An Interview on Orchestral Horn Auditions. Part IV, the Future and Final Tips

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This article concludes an interview conducted 2/13/13 with Ashley Cumming, a Doctoral student at Indiana University. Part I starts here.

With increased numbers of people flying to auditions and greater accessibility, has that played an impact on the homogeneity of sound in an orchestra?

I again feel somewhat puzzled by your question as I flew to auditions with often 40-80 applicants present and had access to every recording I needed in the late 1980s. Things have changed very little since then. The only main difference I see being I could carry on two horns when I was taking auditions, which would be impossible with the airlines today. As to sound, I think horn section sounds have been pretty homogenous in many orchestras for a long time. Sometimes Music Directors get a bug to make changes, but players always want to hire people who fit in.

THE FUTURE OF ORCHESTRAL AUDITIONS
As pedagogues, what do you observe in today’s students or what would you like to tell them about orchestral auditions?

The key things still are the basics. Rhythm, intonation, style, phrasing, dynamics, tone, and musicality all come to mind. Play so well they can’t ignore you, and learn how to prepare and pace out the final days so that you can play at your peak on the stage when it counts.

Do you think the level of talent/virtuosity/musicality/technique has changed?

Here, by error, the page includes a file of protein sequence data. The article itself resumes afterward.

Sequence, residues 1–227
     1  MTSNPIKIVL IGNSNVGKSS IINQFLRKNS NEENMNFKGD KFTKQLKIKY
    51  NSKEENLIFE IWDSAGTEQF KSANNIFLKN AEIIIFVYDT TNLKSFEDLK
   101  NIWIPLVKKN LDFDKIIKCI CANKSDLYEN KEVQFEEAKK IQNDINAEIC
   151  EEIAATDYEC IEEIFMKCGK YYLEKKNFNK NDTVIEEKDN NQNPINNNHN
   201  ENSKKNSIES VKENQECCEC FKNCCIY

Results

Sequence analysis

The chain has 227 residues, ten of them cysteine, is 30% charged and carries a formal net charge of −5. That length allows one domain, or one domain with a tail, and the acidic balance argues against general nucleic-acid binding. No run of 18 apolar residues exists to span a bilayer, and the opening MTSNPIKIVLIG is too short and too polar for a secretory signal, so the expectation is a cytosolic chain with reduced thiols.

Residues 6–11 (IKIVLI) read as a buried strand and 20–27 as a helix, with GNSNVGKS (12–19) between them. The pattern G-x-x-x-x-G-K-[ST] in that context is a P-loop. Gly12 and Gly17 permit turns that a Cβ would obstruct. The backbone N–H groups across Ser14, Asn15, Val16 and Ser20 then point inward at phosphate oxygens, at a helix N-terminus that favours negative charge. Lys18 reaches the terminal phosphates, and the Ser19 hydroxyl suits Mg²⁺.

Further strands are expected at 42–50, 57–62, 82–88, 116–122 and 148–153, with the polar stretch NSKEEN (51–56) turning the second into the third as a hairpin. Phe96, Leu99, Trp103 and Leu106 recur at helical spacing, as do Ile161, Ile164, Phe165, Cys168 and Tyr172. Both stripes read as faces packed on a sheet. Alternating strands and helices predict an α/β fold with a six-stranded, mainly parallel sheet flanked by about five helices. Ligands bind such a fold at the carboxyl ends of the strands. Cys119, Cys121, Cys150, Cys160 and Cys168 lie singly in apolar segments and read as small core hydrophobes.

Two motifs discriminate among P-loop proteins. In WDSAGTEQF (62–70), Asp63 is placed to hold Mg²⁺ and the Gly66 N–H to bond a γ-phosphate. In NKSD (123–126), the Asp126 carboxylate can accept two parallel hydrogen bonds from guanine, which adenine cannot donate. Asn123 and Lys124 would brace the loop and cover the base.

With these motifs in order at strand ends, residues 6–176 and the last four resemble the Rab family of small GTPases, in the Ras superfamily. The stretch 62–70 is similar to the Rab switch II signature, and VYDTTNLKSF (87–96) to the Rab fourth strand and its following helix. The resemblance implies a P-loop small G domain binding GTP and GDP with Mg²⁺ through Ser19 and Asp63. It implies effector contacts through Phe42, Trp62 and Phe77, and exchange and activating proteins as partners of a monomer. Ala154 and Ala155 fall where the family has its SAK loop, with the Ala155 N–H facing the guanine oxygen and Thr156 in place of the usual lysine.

Low hornNo.

After sitting on audition panels, do you have any further comments about the process now or from previous generations?

It cannot be said often enough that really basic things cut people in initial rounds. Students usually think it is because they missed notes, but actually it almost always rhythm and intonation that kills people right away. Especially in a first round, you can be forgiven several missed notes it the package of everything else is solid, any good horn player can and will miss a few notes. But if your rhythm and intonation are bad, that was no simple mistake, it is a basic problem you have not yet fixed. It is the type of issue that screams that you are not ready for the job.

How do you feel about committees being hesitant to hire anyone for available positions?

I go back to my quote from the old Nashville contract. It is the Music Director that is ultimately making the hiring decision. If no one is hired they are ultimately the reason why. Sometimes too you have to realize that the Music Director may not like how the existing horn section sounds and the committee advances people that would fit in the existing section but actually the Music Director would never hire, because they want something different. In the end all the applicant can do is play their best. Much of the process after that is completely out of your hands.

What would you suggest for an ideal hiring process?

The system now really is pretty good overall at finding the best players out of a large applicant pool. I appreciate very much that how one advances in an audition today is not governed by connections or where you went to school. In the end you play your way into the job. That part of the system is as it should be.

Would you prefer to remain anonymous in this dissertation or any further publication that arise from it?

No, in this type of project I think it is essential for the responses to not be anonymous. I will also be posting a version of this interview on Horn Matters, and thank you for your efforts with this great topic.

Return to Part I of Interview

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